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Old 06-17-2013, 04:56 AM   #11
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I haven't heard of any compition shooting out my way, but I'm going to check that out. As far as not selling bullets unless you buy a gun or shoot it at your range, well thats just good business sense right now. Its hard to sell a gun with no ammo for it. I just hope things turn around soon.

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Old 06-17-2013, 05:06 AM   #12
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Originally Posted by Crazycastor
I think this limit should only be during times like this. Who agrees
I agree but only if it's the individual stores mandating it.

I was lucky enough to buy 2lbs of Bullseye a week ago at a LGS about an hour and a half from my house. Since the crisis started, we have been shooting less. We don't like it, but what else can we do? This powder should last us through the end of the year, at least. Plus, I have a little bit of Silhouette left, if I really need it.
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Old 06-17-2013, 05:09 AM   #13
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If I owned a store, selling goods of any kind, and someone came in and bought it all, I'd go home early for the day and save on overhead costs. Can't blame it on capitalism. Get out of bed earlier

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Old 06-17-2013, 05:29 AM   #14
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If I owned a store, selling goods of any kind, and someone came in and bought it all, I'd go home early for the day and save on overhead costs. Can't blame it on capitalism. Get out of bed earlier
I agree if they bought everything, yea close down early and go home. But just image owning a silverware store and someone came in and just bought all the forks in the place. It would be harder to make more sales with out the forks.
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Old 06-17-2013, 05:41 AM   #15
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If I sold all my forks I would offer soup at competitive prices. That would provide a spoon market. Refusing to sell only limited amounts of any thing is a poor business practice. Anyone can circumvent that rule.

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Old 06-18-2013, 01:49 AM   #16
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Quote:
Originally Posted by Anna_Purna
If I owned a store, selling goods of any kind, and someone came in and bought it all, I'd go home early for the day and save on overhead costs. Can't blame it on capitalism. Get out of bed earlier
The iPhone doesn't have a "like" option so take this as that.
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Old 06-18-2013, 01:57 AM   #17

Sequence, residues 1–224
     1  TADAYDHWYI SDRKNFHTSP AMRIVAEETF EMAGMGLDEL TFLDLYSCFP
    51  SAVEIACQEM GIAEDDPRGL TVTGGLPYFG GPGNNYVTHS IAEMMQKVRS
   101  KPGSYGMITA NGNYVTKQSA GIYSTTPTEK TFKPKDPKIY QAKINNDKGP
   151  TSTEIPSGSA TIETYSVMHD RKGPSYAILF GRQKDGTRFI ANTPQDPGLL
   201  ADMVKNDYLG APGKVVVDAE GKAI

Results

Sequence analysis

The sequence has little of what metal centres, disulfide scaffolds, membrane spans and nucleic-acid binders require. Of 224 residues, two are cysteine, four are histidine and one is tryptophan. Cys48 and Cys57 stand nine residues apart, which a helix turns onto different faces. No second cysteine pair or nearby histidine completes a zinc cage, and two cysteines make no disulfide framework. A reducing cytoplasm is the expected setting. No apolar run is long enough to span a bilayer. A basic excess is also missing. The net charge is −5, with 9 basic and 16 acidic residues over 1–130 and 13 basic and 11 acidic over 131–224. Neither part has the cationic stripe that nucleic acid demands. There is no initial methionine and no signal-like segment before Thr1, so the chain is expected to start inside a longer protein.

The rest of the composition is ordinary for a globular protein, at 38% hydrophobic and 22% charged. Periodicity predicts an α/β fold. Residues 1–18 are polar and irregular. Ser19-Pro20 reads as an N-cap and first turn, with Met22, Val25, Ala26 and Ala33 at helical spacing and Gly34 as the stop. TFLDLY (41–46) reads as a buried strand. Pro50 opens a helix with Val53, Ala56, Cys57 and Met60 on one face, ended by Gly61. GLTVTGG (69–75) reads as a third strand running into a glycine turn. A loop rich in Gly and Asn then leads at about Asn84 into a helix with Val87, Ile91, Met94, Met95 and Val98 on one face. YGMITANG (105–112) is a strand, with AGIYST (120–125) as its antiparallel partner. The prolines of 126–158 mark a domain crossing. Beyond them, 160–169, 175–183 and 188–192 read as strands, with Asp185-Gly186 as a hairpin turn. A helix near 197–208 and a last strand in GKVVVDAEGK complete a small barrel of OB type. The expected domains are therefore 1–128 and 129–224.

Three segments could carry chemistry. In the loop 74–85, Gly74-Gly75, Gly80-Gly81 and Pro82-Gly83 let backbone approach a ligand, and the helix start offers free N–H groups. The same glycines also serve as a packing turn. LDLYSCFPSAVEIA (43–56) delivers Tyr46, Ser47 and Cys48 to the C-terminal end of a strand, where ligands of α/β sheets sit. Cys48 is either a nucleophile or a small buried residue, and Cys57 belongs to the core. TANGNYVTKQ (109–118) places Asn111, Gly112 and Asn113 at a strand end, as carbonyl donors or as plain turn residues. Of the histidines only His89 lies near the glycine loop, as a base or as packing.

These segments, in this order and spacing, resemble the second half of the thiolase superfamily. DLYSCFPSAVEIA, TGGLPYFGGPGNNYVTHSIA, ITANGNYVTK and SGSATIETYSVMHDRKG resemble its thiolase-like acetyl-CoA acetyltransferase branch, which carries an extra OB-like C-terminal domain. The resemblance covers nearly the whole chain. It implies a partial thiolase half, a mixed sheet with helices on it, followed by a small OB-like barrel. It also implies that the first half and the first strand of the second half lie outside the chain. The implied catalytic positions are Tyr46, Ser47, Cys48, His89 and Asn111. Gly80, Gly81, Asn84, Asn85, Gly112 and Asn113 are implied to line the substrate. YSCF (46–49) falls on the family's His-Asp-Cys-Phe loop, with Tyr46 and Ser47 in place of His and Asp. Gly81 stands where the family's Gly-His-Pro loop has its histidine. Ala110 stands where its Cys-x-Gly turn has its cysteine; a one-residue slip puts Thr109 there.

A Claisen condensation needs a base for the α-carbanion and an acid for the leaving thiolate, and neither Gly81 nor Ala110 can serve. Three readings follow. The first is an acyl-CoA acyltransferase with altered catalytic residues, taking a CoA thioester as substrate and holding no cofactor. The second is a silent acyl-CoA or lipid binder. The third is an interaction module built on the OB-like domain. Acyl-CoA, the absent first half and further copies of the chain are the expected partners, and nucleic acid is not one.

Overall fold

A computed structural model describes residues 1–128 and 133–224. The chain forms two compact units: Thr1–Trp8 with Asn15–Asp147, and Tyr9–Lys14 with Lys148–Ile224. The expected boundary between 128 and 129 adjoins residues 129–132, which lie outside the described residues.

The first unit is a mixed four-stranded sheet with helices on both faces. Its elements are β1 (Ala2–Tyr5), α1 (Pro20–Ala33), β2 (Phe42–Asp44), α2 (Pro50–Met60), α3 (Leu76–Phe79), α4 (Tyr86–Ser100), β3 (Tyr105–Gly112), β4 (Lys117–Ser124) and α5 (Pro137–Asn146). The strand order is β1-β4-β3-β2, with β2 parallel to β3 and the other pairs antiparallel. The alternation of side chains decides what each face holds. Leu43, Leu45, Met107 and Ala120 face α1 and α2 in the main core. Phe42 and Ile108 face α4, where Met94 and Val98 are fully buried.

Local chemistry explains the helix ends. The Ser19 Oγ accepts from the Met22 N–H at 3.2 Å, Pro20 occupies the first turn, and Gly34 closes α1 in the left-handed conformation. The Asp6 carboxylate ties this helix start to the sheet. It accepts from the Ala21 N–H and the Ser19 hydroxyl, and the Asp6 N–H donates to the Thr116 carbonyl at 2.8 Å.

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I was lucky enough this year to find powder for reloading, two cans of it. One was pistol power and the other was Hodgden H4350. Today the boys decided it was a good day to shoot up all my reloads for a Fathers day outing. We had a blast. Now I'm desparately needing powder. We have a 2nd Admendment that just opened up and this guy came in over a weeks time and pretty much bought most of the powder, leaving just the black powder. Then this guy came in and bought all the black powder for his cannon. I think there needs to be a limit on how much you can buy at one time. I'm sure the guy who bought up all the powder probably sold it some where else for a higher price. I think this limit should only be during times like this. Who agrees
up to the store owner.

but most municipalities DO have limits on how much blackpowder you can have in your home. mainly due to the severe hazard of explosions with blackpowder. where i live its 5 pounds. anymore than that and it requires special permiting and storage hoops you gotta jump through for safety of your neighbors.

5 pounds is enough to take out a good chunk of your home and you with it. more than that and it starts to endanger your neighbors...
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Old 06-18-2013, 04:53 AM   #18
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Black powder in cans is not that dangerous. The cans are made with bottoms that melt at low temps. I have never known of a properly stored supply of BP blowing up anything. Black powder must be under compression to blow up "Houses". The 5 gallons of lawn mower fuel in you garage is far more likely to explode.
City ordinances are based on fear mongering by politicians. These are just more gun control rooted laws. We are allowed to keep 50 lbs. without a safe. UPS trucks roll down your streets everyday with cases of Black.

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Old 06-18-2013, 05:04 AM   #19
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I vote no. If store owners take it upon themselves to institute a limit, that's their call. They likely won't get my business anymore though.

People buying up all the stock and reselling it at an inflated price to make a quick buck off of other's desires and emotional state (panic), piss me off as much, or more, than most people.

But a mandatory limit spits in the face of freedom.

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Old 06-18-2013, 05:51 AM   #20
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I'm not talking government setting the limits I'm talking store owners. And only when hard times like these. Yea people can work around it and they do all the time. When someone comes in over a weeks time and buys 2000lbs of powder, you know he is reselling it online at a much higher price. I don't know it just pisses me off

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